A group of high-powered policymakers and educators led by Stanford University professor Linda Darling-Hammond, outlined a comprehensive assessment system that includes summative and formative tests of higher-order thinking skills, reflecting a marketplace that they say places increasing value on such skills.
They urged a move away from of multiple-choice tests that demand factual recall, toward the development of a set of deeper, more analytical questions, tasks, and projects that ask students to solve and discuss complex problems. One example is a problem that has been posed to Connecticut high school students: Figure out how to build a statue that could withstand the effects of acid rain, then describe, analyze, and discuss your findings.The white paper describes what a student assessment system could look like if built from the principles and best practices found in current educational research and effective educational systems in the U.S. and high-achieving nations around the world.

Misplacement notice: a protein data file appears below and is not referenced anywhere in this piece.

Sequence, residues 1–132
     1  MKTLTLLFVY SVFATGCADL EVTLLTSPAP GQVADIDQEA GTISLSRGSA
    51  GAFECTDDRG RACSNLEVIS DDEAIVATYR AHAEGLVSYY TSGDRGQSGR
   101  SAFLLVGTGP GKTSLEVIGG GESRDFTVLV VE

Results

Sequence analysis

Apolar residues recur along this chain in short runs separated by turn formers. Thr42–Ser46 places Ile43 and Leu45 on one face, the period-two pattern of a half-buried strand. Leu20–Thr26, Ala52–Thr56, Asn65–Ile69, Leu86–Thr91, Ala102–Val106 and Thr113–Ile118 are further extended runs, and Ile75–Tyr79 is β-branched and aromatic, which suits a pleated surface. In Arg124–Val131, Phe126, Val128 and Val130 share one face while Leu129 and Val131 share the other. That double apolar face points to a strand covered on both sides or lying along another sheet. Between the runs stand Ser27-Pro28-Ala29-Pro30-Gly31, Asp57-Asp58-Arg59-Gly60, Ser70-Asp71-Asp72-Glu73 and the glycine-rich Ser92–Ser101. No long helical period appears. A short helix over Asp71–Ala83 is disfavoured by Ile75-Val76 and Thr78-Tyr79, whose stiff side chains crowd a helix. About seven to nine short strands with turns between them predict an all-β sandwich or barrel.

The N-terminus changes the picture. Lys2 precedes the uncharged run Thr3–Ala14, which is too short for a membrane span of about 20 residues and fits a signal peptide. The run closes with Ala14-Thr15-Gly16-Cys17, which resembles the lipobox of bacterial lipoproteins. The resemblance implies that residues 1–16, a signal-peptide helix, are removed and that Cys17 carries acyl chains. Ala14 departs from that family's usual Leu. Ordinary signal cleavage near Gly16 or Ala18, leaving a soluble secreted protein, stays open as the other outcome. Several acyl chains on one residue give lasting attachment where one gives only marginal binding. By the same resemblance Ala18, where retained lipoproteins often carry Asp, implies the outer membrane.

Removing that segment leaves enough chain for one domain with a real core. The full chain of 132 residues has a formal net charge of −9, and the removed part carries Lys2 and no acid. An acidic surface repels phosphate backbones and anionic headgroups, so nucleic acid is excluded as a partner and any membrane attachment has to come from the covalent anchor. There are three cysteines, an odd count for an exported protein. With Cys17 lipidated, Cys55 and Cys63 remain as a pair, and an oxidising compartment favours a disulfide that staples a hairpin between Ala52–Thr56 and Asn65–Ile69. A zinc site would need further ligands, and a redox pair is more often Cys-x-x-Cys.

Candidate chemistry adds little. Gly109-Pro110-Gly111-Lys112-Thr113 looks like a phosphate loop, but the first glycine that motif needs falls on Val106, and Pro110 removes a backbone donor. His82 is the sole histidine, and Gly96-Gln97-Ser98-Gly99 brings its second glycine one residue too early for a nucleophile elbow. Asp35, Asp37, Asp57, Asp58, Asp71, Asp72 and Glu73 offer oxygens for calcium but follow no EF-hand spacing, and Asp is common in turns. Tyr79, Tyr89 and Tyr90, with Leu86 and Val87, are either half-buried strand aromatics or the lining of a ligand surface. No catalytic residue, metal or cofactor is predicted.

Such assessments, Ms. Darling-Hammond said, can be “of, for, and as learning.” They can “embody” content standards, she said, not just approximate them. Because teachers would help create and score the assessments, and the assessments would be pegged to good-quality content standards, an aligned teaching-and-learning system would take shape that would help teachers adjust instruction in real time and help district and state administrators plot longer-term education strategy, the experts said...
With this paper, the Council of Chief State School Officers seeks to illuminate and enrich the discussion around comprehensive systems of student assessment and to help lead the development of more effective ways to assess student learning. It describes existing successful assessment systems that use a variety of ways to ensure student achievement in programs in our country and in high-achieving countries around the world.